US screen actors guild ends longest strike in Hollywood

HOLLYWOOD, Nov 9: The Screen Actors Guild (SAG-AFTRA), the union that represents American TV and film actors, announced Wednesday that the months-long actors and writers’ strikes were over as it achieved a deal with the Alliance of Motion Picture and Television Producers (AMPTP).

“We are thrilled and proud to tell you that today your TV/Theatrical Negotiating Committee voted unanimously to approve a tentative agreement with the AMPTP. As of 12.01 am PT (0801 GMT) on Nov 9, our strike is officially suspended and all picket locations are closed,” the union said in a statement on X (formerly known as Twitter).

The union said that the over US$1 billion deal includes “‘above-pattern’ minimum compensation increases, unprecedented provisions for consent and compensation that will protect members from the threat of AI, and for the first time, establishes a streaming participation bonus”, as well as “numerous improvements for multiple categories, including outsize compensation increases for background performers, and critical contract provisions protecting diverse communities”.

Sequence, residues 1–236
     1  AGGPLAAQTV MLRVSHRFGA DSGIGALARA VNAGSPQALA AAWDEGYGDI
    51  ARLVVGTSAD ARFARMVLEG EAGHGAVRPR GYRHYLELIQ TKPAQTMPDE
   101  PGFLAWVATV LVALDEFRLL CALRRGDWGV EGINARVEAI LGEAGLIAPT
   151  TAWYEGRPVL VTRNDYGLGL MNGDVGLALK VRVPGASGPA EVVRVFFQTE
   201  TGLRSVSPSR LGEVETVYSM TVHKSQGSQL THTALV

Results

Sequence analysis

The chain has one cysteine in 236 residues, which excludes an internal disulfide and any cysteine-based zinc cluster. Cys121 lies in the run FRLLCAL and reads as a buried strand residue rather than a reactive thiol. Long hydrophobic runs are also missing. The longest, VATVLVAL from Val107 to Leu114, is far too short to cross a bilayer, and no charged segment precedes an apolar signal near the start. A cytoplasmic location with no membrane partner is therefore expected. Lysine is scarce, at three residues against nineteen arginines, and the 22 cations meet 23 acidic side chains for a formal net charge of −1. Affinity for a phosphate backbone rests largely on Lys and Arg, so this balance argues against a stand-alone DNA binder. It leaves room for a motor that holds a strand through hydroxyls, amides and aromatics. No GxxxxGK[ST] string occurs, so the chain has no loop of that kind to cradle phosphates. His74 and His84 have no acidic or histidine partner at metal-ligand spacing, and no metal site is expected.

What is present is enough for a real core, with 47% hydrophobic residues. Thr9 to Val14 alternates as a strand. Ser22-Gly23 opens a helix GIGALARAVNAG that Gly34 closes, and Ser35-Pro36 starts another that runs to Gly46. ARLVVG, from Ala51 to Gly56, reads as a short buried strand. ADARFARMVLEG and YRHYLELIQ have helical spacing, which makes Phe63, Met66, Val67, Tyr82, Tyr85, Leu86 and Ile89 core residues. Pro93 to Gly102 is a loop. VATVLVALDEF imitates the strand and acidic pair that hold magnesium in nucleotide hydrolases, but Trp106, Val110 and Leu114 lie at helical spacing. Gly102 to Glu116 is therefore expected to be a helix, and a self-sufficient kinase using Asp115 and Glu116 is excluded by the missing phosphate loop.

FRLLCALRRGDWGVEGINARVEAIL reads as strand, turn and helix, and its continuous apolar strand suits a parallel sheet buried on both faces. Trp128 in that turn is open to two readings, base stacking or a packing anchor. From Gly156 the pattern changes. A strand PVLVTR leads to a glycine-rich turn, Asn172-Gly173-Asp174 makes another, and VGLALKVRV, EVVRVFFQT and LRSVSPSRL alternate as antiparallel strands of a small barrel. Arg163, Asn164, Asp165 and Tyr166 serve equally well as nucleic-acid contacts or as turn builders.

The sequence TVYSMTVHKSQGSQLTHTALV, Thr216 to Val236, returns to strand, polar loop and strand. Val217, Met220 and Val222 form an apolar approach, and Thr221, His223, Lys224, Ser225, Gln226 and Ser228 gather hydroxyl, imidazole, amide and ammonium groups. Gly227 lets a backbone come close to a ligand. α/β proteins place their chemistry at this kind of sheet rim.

It said “pension and health caps have been substantially raised, which will bring much-needed value to our plans”.

The union thanked actors and writers “for the sacrifices they have made while supporting our strike and that of the Writers Guild of America”, adding that the deal “will enable SAG-AFTRA members from every category to build sustainable careers”.

SAG-AFTRA, which represents around 160,000 members of the industry, has been on strike since July 14 causing major disruption to Hollywood productions. The strike also included studios and streamers such as Amazon, Apple, Disney, Fox and Netflix.

The tentative deal will go to the SAG-AFTRA national board on Friday “for review and consideration”, the union announced.